The Pasteur Museum is housed in the apartment where Louis Pasteur spent his final seven years and offers a rare behind-the-scenes look at the living and working environment of the world-renowned scientist. Visitors can gain a unique insight into his everyday life alongside his wife and can admire his rich and diverse scientific work.
The Institut Pasteur’s scientific strategy focuses on developing original and innovative topics and promoting interdisciplinary and multidisciplinary cooperation and approaches. The Institut Pasteur teams have access to the technological resources needed to speed up and further improve the quality of their outstanding research.
Ever since the introduction of the world’s first "Technical Microbiology" course in 1889, teaching has been a priority for the Institut Pasteur. The Institut Pasteur has an international reputation for quality teaching that attracts students from all over the world who come to further their training or top up their degree programs.
With international courses, PhD and postdoctoral traineeship, each institute of the Institut Pasteur International Network (RIIP) contributes to the transmission of knowledge with the training of young researchers all around the world. In this context, doctoral and postdoctoral programmes, study and traineeship fellowships are available to scientists. Alongside training, dynamism and attractiveness of RIIP will result in the creation of 4-year group for the young researchers.
Research teams from the Institut Pasteur, the CNRS, and Inserm have recently characterized the structure and mechanism of action of an antibody that successfully neutralizes all four strains of the dengue virus in mice models. Their groundbreaking work represents major progress for research efforts that hope to develop an effective vaccine to combat this disease. This study was published February 8, 2012 in the scientific journal Structure.
Paris, February 10th, 2012
The variation represented in the dengue virus’ four distinct strains makes vaccine development a complicated task. These strains, called serotypes, are each characterized by their own specific and unique properties. Scientists have already shown that an individual immune to any of the four strains increases his/her risk, not only of being infected by the other three strains, but also of developing severe life-threatening forms of this disease. This is why researchers need to develop a vaccine or treatment that targets all four serotypes.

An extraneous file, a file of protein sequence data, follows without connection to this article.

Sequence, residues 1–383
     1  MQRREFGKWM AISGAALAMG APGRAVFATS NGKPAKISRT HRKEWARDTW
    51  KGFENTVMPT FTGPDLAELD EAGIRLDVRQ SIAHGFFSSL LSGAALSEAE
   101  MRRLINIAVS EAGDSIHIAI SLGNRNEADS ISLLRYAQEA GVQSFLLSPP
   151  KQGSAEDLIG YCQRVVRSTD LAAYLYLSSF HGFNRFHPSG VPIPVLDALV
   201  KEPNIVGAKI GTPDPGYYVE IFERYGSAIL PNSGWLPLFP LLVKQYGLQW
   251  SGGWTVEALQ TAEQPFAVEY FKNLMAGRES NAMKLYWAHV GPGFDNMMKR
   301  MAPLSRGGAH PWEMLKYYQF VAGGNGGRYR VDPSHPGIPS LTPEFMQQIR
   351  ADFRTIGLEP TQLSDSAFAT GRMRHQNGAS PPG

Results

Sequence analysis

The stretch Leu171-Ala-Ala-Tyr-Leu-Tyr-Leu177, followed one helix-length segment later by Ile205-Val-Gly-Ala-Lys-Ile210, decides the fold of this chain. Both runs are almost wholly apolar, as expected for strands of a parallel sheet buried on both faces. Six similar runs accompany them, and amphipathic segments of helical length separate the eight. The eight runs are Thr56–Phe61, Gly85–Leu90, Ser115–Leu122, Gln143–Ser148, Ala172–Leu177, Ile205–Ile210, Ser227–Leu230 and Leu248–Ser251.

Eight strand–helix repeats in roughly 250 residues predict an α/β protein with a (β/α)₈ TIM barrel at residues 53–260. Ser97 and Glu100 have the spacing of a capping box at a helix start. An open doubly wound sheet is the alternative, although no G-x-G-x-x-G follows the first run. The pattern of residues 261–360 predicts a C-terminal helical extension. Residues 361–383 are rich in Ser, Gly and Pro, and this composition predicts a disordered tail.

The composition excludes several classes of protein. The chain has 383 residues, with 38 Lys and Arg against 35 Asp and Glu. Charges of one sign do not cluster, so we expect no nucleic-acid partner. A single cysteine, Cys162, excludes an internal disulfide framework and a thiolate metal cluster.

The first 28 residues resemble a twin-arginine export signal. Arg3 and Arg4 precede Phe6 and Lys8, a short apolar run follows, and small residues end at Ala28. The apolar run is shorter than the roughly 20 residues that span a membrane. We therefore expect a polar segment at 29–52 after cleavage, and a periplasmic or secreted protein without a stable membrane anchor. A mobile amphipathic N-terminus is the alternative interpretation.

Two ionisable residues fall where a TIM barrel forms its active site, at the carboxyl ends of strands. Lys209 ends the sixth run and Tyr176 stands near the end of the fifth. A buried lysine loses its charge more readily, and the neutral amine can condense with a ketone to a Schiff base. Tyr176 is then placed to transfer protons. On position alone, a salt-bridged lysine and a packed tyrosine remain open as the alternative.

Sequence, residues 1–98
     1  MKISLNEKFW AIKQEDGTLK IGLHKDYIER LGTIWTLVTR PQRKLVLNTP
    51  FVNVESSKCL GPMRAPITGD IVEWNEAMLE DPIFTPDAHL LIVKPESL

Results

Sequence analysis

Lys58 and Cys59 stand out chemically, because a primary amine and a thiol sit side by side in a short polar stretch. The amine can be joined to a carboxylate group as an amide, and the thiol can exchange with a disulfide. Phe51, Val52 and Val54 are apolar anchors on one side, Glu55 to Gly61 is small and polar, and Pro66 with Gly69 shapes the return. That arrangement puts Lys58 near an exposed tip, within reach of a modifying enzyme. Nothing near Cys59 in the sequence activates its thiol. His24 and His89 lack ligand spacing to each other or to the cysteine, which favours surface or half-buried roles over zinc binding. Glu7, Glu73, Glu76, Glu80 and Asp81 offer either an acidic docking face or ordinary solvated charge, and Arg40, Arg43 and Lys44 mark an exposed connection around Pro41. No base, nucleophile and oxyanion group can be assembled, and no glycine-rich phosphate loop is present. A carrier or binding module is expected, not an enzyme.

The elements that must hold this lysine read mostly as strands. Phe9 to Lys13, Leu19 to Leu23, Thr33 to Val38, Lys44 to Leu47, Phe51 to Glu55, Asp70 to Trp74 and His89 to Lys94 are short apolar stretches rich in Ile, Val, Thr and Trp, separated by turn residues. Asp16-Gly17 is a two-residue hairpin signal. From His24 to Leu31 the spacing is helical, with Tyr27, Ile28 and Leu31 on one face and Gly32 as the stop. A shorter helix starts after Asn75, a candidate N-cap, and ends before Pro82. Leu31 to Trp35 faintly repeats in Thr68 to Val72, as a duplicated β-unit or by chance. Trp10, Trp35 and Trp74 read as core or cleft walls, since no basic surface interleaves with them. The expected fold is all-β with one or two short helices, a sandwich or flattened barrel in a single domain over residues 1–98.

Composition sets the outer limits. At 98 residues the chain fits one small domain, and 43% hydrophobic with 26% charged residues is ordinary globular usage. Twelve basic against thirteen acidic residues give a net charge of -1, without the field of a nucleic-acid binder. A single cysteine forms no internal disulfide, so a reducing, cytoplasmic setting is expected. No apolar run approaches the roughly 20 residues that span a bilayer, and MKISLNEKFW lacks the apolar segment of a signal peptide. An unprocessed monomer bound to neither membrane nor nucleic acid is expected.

Research teams from the Institut Pasteur, the CNRS, and Inserm, led by Félix Rey* and Hugues Bedouelle** (Institut Pasteur/CNRS), have, for the first time, succeeded in characterizing an antibody capable of neutralizing all four strains of the dengue virus in mice models. By using comparative analyses and high-resolution crystallography, Félix Rey’s team was able to visualize the way the antibody binds to the virus on the specific recognition sites of each strain.
The teams also showed that the antibody recognizes the surface protein of the virus with varying affinities and neutralization potencies according to the viral serotype (1, 2, 3 or 4), but that the neutralization mechanism is the same in each case. It involves irreversible disruption of the virus particle, rendering it harmless.
These results provide a novel molecular basis for understanding antibody neutralization of the four dengue viruses, and will undoubtedly help to design a safe, protective vaccine.
Financing for this work was provided by the Merck Serono chair, the French National Research Agency (ANR), the EMBO Long Term Fellowship, the French Ministry of Defense, and DENFRAME, the European program for dengue research.
* Félix Rey, head of the Structural Virology Unit (Institut Pasteur / CNRS URA 3015)
** Hugues Bedouelle, Molecular Prevention and Therapy of Human Diseases Unit (Institut Pasteur / CNRS URA 3012)
Mechanism of dengue virus broad cross-neutralization by a monoclonal antibody, Structure, February 8th, 2012
Joseph J. B. Cockburn1,2, M. Erika Navarro Sanchez1,2, Nickolas Fretes1,2, Agathe Urvoas3,4, Isabelle Staropoli5,6, Carlos M. Kikuti1,2, Lark L. Coffey7,8, Fernando Arenzana Seisdedos5,6, Hugues Bedouelle3,4, and Felix A. Rey1,2
1 Institut Pasteur, Unité de Virologie Structurale, Département de Virologie, 75724 Paris Cedex 15, France
2 CNRS, URA3015, 75724 Paris Cedex 15, France
3 Institut Pasteur, Unité de Recherche Prévention et Thérapie Moléculaires des Maladies Humaines, Département d’Infection et Epidémiologie, 75724 Paris Cedex 15, France
4 CNRS, URA3012, 75724 Paris Cedex 15, France
5 Institut Pasteur, Unité de Pathogénie Virale, Département de Virologie, 75724 Paris Cedex 15, France
6 INSERM, U819, 75724 Paris Cedex 15, France
7 Groupe à 5 ans Populations Virales et Pathogenèse, Département de Virologie, 75724 Paris Cedex 15, France
8 CNRS, URA3015, 75724 Paris Cedex 15, France